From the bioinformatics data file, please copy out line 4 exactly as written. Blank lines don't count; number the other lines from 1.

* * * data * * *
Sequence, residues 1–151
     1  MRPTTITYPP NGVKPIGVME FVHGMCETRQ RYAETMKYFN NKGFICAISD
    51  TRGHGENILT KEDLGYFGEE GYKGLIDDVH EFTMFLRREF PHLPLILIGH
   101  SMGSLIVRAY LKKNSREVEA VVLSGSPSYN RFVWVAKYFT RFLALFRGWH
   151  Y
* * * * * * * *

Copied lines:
   101  SMGSLIVRAY LKKNSREVEA VVLSGSPSYN RFVWVAKYFT RFLALFRGWH